Architect brings artistic vision

An aerial view of the General DataComm property in downtown Naugatuck.  –RA ARCHIVE
An aerial view of the General DataComm property in downtown Naugatuck. –RA ARCHIVE

NAUGATUCK — Joseph Migani is no stranger to downtown redevelopment.

Migani, an architect and owner of the Seymour-based O’Riodan Migani Architects, played a large role in the redevelopment of downtown Seymour where he has worked on five buildings, including the building that houses his office at 22 Bank St. and a newly constructed 26-apartment senior housing building.

Migani said he began his work in downtown Seymour in the mid-1990s when he noticed how many vacant historic buildings there were.

“We have used Seymour as a laboratory and had a wonderful time over the last 20 years,” Migani said.

Seymour Economic Development Director Fred Messore said Migani helped create the antiques district within the town through his work in the downtown area.

“He’s done a wonderful job. Since he’s an architect by trade he kept the essence and integrity of the original structures,” Messore said. “They are a beautiful compliment to the beautiful downtown New England area we’ve created here.”

Migani, who lives in Woodbridge, is now looking to bring his experience and vision to Naugatuck.

The Board of Mayor and Burgesses this month granted Migani a six-month option to develop and purchase the General DataComm building at 6 Rubber Ave. and 2.5 acres of land known as Parcel A in downtown.

Migani said his vision for the Naugatuck project is different than what he’s done in Seymour and on a grander scale.

Migani plans to build 96 studio-style, affordable housing apartments for artists on the third and fourth floor of the four-floor, 80,000-square-foot former industrial building. The plan also calls for office space on the second floor of the building and a mix of retail and parking for the first floor.

“The sum total of our experience has led us to propose an arts and culture collaborative there which has the advent of enhancing quality of life and have a local and regional draw,” Migani said. “The keyword is smart-growth. It’s an urban initiative, which means you are trying to move away from suburbs.”

Migani said one of the reasons he was drawn to the General DataComm building is that it was well built and is made of heavy industrial concrete.

“You could drive trucks on this thing on any floor. It speaks of the significance of Naugatuck as an innovative center of manufacturing,” Migani said.

Migani was also attracted to the borough and the old Uniroyal site specifically because of its historical significance.

“They pioneered the patents for most of the things we take for granted today, including rubber souls for shoes,” Migani said.

Migani said the project would help Naugatuck become the reverse of suburbanization.

“People choose to live in urban areas because there are more amenities. There are movies, restaurants, and more things to do. Next to it you have this beautiful urban acreage,” Migani said.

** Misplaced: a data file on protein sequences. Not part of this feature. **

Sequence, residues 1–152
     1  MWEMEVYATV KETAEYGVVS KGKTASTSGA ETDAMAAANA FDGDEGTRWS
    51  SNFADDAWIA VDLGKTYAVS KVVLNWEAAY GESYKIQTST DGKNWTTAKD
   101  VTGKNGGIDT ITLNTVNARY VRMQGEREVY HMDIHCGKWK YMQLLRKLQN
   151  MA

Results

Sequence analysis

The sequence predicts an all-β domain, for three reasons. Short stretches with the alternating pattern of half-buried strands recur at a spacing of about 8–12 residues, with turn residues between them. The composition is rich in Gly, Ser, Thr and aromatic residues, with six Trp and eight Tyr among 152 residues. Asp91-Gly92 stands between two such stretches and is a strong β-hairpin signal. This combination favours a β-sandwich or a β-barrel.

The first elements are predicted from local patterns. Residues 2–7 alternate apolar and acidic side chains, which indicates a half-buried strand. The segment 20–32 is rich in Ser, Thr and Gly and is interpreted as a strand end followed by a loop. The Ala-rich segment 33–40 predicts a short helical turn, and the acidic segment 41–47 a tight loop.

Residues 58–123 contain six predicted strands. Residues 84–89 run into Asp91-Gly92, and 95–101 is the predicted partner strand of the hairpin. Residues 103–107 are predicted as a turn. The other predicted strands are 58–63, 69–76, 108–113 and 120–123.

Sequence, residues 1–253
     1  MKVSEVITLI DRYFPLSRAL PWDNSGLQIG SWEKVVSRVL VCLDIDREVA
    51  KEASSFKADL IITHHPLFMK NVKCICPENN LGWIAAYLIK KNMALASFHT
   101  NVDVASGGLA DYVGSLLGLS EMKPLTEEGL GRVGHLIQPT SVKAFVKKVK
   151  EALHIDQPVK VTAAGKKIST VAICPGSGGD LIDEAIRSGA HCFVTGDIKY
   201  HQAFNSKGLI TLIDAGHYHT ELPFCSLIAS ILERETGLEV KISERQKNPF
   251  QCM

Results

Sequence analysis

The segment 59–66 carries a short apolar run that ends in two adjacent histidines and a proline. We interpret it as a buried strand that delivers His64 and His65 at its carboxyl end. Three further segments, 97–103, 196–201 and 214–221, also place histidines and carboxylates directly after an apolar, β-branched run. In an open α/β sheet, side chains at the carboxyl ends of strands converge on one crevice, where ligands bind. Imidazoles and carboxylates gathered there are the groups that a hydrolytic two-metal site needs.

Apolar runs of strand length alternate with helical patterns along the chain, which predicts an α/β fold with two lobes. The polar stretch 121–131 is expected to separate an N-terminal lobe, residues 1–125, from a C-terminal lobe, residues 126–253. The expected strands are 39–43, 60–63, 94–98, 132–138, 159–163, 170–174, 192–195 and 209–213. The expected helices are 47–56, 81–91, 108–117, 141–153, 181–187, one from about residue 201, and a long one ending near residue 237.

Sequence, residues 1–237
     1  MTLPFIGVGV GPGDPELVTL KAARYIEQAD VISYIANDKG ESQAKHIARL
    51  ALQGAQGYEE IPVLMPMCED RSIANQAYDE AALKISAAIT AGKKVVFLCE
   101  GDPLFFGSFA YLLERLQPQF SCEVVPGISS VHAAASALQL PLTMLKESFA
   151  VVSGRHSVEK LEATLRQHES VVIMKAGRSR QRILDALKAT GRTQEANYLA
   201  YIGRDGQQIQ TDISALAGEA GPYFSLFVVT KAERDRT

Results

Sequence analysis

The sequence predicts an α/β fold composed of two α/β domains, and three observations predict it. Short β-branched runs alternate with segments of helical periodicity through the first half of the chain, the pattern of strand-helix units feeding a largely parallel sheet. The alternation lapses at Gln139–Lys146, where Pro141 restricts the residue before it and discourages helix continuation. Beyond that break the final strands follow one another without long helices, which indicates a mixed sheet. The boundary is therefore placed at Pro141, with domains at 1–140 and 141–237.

While the borough currently does not have some of the amenities Migani discussed, he believes they will start to arrive once there is a greater demand for them.

“If we are successful in getting 96 artists into this building you’ll see galleries, restaurants, music venues and bars open,” Migani said.

Migani has a personal stake in the project beyond being the developer. He is also an artist.

Migani studied music theory and composition in college but ultimately chose design as his career path.

“My father was a contractor. It’s in my blood,” Migani said. “The creativity was channeled into building because it’s in my blood.”

Migani said he decided to propose the idea of an arts and culture collaborative as a way to pay homage to Naugatuck’s past without being stuck in what the borough once was.

“It recognizes Naugatuck is no longer the industrial powerhouse it once was. It is transitioning into a bedroom community. Those who are commuting to work would prefer to work locally,” Migani said.

Migani believes once the project is complete it will create an artists’ community that will have a regional draw.

“This will bring people to work and live here from all over New England,” Migani said.

As Migani gets to work, he wants people to know that he’s not going into this project without any knowledge of how to obtain funding or carrying a project like this to fruition.

“This is based on our experience of funding and doing projects in Seymour,” Migani said.
He added, “Our goal is to make this project so attractive as an economic development project in Naugatuck that it resonates statewide and convinces the powers that be they want to be involved.”

Migani said he first has to seek out zoning approval for the project and will then begin to work towards obtaining pre-development loans for the soft costs, which includes an environmental analysis, a site survey and a marketing study.

“We’ll be crossing our T’s and dotting our I’s,” Migani said. “We will do our due diligence.”

If everything goes has planned, Migani said a shovel will be in the ground in 18 months. Once construction starts it will be completed in different phases and Migani expects it to take three years minimum for the project to be completed.

For now though, he’s taking it one step at a time.

“You crawl before you walk, and walk before you run. You have to create a catalyst for change, like growing a garden. You till it, weed it, nurture it, it grows, and then you have a harvest,” Migani said.